Cameron’s slide out of the EU must be stoppedOctober 19th, 2012
This article first appeared in the Financial Times
As European leaders gather once again in Brussels to discuss the eurozone crisis, a shift to an anti austerity stance is urgently required. Yet whatever the fate of the single currency, the current crisis is set to transform the European Union. If the euro is kept intact, it will be because of a shift to more federal structures within the eurozone. If it fractures, there will need to be a serious redesign, in a federal direction, if what’s left of the euro is to be saved.
In either case, we will need new thinking about the way the European Union works.
For fifty years the European Economic Community, and then the EU, have steered by the star of ‘ever closer union’. By any historical standard, it has been a dramatically successful navigation. The idea of a Europe whole and free has actually happened. What is more, Europe is more integrated and in many areas interdependent, than ever before.
But the political and institutional ambiguity inherent in ever closer union has been exposed by the idea of a “two-speed” Europe. The fiction was that opt outs, transitional arrangements and other legal innovations recognised different speeds of travel but not different destinations. That metaphor must now be given a decent burial. The question is what is the alternative to a two-speed vision?
One answer is to say that the future is a ‘two-tier’ Europe. Joschka Fischer, former German Foreign Minister, describes a vanguard Euro group and a rearguard of the rest. David Owen, one of my predecessors as UK Foreign Secretary, argues for a top tier of countries who merge their governance arrangements into a “single government”. A second tier, including Norway and Turkey, would embrace a “restructured single market”, along with a set of norms associated with social and environmental policy.
The Owen plan founders on a number of points. One is practical: I don’t see other countries embracing this vision. A second is more substantive: requiring countries to chose between a minimalist European Economic Area and a fully integrated European Union is a recipe for decline not renewal. It would simply deepen the divide between the euro ins and outs.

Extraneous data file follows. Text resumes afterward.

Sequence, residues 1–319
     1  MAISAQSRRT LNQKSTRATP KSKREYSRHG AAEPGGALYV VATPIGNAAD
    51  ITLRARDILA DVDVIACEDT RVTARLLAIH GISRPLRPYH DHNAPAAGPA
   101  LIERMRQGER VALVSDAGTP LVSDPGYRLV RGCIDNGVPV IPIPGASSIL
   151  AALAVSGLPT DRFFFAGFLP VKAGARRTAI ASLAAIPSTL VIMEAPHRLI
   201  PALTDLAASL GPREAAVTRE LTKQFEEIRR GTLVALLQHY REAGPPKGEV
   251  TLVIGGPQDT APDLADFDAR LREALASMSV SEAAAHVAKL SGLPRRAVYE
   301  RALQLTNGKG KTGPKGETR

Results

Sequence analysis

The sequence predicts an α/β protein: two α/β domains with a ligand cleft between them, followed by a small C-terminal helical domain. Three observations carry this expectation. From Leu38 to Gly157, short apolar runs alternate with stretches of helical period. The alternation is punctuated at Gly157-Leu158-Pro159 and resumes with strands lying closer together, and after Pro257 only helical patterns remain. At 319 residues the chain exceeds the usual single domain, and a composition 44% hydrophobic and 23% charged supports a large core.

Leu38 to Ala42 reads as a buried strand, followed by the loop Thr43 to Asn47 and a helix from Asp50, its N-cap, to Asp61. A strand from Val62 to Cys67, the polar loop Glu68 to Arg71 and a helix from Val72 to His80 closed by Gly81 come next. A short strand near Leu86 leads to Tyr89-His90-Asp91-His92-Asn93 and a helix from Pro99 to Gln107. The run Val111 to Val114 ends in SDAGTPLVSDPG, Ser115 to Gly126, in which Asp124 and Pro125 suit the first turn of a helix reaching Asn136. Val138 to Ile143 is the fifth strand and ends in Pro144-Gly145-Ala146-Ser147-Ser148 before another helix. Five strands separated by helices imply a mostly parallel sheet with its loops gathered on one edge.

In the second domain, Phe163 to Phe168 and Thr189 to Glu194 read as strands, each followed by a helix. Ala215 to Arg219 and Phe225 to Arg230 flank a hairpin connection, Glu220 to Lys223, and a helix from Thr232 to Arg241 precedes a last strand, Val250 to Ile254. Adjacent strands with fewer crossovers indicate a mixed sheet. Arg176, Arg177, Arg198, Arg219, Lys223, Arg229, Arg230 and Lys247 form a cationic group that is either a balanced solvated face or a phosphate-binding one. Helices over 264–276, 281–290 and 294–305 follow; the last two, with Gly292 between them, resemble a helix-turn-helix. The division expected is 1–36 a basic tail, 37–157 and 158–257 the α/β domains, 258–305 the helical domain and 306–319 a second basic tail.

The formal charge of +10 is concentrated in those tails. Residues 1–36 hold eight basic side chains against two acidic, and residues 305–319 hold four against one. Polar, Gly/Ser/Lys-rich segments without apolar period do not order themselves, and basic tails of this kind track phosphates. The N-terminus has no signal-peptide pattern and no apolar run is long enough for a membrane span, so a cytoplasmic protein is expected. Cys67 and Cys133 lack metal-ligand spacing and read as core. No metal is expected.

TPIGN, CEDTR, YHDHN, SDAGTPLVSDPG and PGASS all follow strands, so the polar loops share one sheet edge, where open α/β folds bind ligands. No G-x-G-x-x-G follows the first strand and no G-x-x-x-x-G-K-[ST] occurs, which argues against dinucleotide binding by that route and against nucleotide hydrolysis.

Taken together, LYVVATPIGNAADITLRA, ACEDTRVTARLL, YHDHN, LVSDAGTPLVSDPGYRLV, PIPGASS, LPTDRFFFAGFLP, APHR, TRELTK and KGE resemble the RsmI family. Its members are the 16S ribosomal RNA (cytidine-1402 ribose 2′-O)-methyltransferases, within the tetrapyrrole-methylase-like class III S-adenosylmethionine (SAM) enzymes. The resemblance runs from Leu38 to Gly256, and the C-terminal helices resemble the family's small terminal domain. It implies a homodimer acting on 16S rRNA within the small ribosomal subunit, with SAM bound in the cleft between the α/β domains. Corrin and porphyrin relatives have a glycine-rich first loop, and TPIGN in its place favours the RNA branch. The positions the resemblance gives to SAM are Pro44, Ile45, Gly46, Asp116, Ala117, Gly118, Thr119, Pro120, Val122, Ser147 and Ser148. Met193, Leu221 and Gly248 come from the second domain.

Instead the diversity of the EU’s membership, and the breadth of areas of policy cooperation, require flexibility not rigidity.
There is an alternative to two-speed and two-tier. In 1994 two parliamentary leaders of Germany’s conservative Christian Democratic Union, Wolfgang Schäuble (now Finance Minister) and Karl Lamers, produced a paper that reiterated the traditional German commitment to a federal state structure, but also embraced ‘elasticity and flexibility’.
“Those countries which are willing and in a position to go further than others in their cooperation and integration should not be blocked by the vetoes of other Members” they wrote.
In English, or at least diplomatic English, we call this “variable geometry”. In the European Treaties it is called enhanced cooperation. In plain English, it is the idea that the EU is a club of clubs.
It means that the European Union has a group of founding rules – from the single market, which is decided by qualified majority voting, to foreign policy cooperation, where each nation has a veto. On that foundation, further integration is possible – on currency, on defence, on migration and the like.
There are two major objections to this vision. One is that the euro is such a big exercise that its members will inevitably overrun the rest of the EU. But this is to forget that on issues such as the single market, the most important member of the eurozone, Germany, may have more in common with countries like Britain or Poland than with euro members such as Italy or even France.
A club of clubs solution accepts that membership of the euro, or a eurozone hard core, is not the end game for all EU members. But it avoids imposing second-class status on those countries outside the euro, which is not in the interest either of the eurozone or the wider EU.
But the second objection is that a club of clubs does not resolve the democratic deficit. That is true, but is an argument for developing more transparent political structures – whether formalising the role of national parliamentarians or directly electing the President of the Commission – rather than ditching the idea.
Time is now of the essence in this debate for Britain, but also for countries like Sweden, Denmark and Poland.
The key for my own country, and our interests in the development of the EU, is to ensure that being out of the euro does not become a prelude to being out of influence in Europe, and then out of the European Union altogether.
Unfortunately that is now a serious danger.
David Cameron’s botched ‘veto’ of the Fiscal Pact last December, botched because the Fiscal Pact went ahead anyway, weakened Britain and weakened Europe. His plan to opt out of Justice and Home Affairs agreements, announced earlier this week, adds further distance.
The stance Mr Cameron is expected today and tomorrow at the European Council, to privilege the repatriation of powers above all other issues, is dramatically to miss the point. It is vital that we learn the right lesson: the debate about the redesign of the European Union must be conducted on broader terms than the Prime Minister’s need to appease eurosceptics (and europhobes) in his own party.
The current UK Government is chronically weakened by its inability to empathise with any vision of the European project recognisable on the continent. That cannot stop the rest of us. If we cannot make a flexible EU work then we end up locking ourselves out of Europe altogether. So we need to argue for it with vigour and urgency.